Anyway, a number of forces have submitted long-winded excuses for their inept profligacy while Tim Rogers, spokesman on pursuits for the Police Federation said: ‘The public does not need to worry about police not being able to get to them because their cars have run out of battery.

‘It would be remiss of anyone managing a vehicle fleet to restrict themselves that way – they are still able to use other vehicles.’ 

We can only hope Mr Rogers is not also using a load of flannel.

I mentioned the twitterati and although I have never wanted to be on twitter, I think few of us whatever our politics, would deny that social media brings out the worst in people. We could all do with thinking a little more and tweeting a little less.

The last decade has been a low point for public debate, thanks not least to various activists’ or whatever they call themselves shouting and screaming in favour of their particular point of view. It baffles me that so many self-declared liberals are completely intolerant of difference and so reluctant to listen to contrary opinions. When the local candidate for the Libdems canvassed around Princetown – he was the only one who did mind you – I told his supporters that the party were no longer liberal or democratic. They immediately stopped trying to get me to meet the clown, thank God.

Indeed, earlier this year almost two-fifths of Brexit remainers told an opinion poll that they would seriously mind if their child married somebody who had voted Leave. So much, then, for their cosmopolitan open-mindedness! Yet surely democracy depends on competing opinions and we all learn far more from people who disagree with us than from those who reinforce what we already think.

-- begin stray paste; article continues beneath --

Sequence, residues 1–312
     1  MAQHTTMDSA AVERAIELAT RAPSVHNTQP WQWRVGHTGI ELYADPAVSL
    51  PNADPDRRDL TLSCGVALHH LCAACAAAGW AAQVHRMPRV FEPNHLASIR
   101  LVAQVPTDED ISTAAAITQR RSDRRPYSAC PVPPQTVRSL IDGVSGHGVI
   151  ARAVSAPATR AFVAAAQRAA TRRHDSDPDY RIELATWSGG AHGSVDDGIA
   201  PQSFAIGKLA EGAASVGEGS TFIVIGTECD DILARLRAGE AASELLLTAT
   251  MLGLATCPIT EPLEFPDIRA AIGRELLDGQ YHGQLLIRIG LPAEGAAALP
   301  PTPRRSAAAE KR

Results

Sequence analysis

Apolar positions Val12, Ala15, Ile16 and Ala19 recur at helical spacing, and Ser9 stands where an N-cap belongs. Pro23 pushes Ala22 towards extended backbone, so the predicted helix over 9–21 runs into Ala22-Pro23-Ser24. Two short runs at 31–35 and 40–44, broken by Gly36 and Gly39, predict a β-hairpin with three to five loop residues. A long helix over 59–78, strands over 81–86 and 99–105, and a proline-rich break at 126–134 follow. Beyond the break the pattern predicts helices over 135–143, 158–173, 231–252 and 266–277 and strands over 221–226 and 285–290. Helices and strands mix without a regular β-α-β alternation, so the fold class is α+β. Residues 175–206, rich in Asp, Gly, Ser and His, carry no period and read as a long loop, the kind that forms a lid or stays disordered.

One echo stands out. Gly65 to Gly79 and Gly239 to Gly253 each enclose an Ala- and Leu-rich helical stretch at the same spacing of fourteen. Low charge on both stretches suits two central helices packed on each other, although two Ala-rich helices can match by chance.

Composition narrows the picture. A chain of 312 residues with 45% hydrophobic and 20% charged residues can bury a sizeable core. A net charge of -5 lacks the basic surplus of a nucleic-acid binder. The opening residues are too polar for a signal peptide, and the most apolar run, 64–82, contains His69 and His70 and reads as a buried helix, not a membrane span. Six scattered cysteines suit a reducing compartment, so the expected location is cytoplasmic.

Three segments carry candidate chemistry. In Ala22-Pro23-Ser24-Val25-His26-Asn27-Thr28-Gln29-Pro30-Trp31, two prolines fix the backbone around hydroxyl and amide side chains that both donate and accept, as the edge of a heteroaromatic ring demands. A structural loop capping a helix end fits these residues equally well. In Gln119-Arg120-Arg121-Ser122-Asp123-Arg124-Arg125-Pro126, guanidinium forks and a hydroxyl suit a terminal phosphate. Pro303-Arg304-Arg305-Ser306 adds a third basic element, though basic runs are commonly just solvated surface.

So as we prepare to celebrate Christmas and bid farewell to the second decade of the century, I can only hope that we will leave behind the age of confected outrage, the culture of ‘calling out’ perceived offences and the hysterical obsession with political correctness. I am not holding my breath but as animals of the same species, we all have so much more in common than we think; we just need to recognise it, that’s all.

So here’s my Christmas wish for the next decade – a bit more freedom of speech, a bit more tolerance, a bit more perspective and a bit more humility. Is that really too much to ask?

Happy Christmas everyone. Don’t forget to leave a wee dram out for the tubby fellow coming down the chimney tonight.


Inefficiency, Top Brass and Anthony Blair

Now that the Brexit squabbling and back-biting is hopefully behind us, we must pray that Britain is about to enter a new political era. With his huge majority in parliament Bunter Johnson must surely have been given a mandate to embark on a significant programme of reform.

And as far as I can see, the first priority for sweeping reforms is the Ministry of Defence. The duty of any government is to protects its citizens yet that duty has been forgotten in recent years and given way to warped priorities and gross mismanagement. In too many parts of the Armed Forces, a culture of inefficiency prevails, reflected in top-heavy bureaucracies, wasteful procurement processes and outdated practices.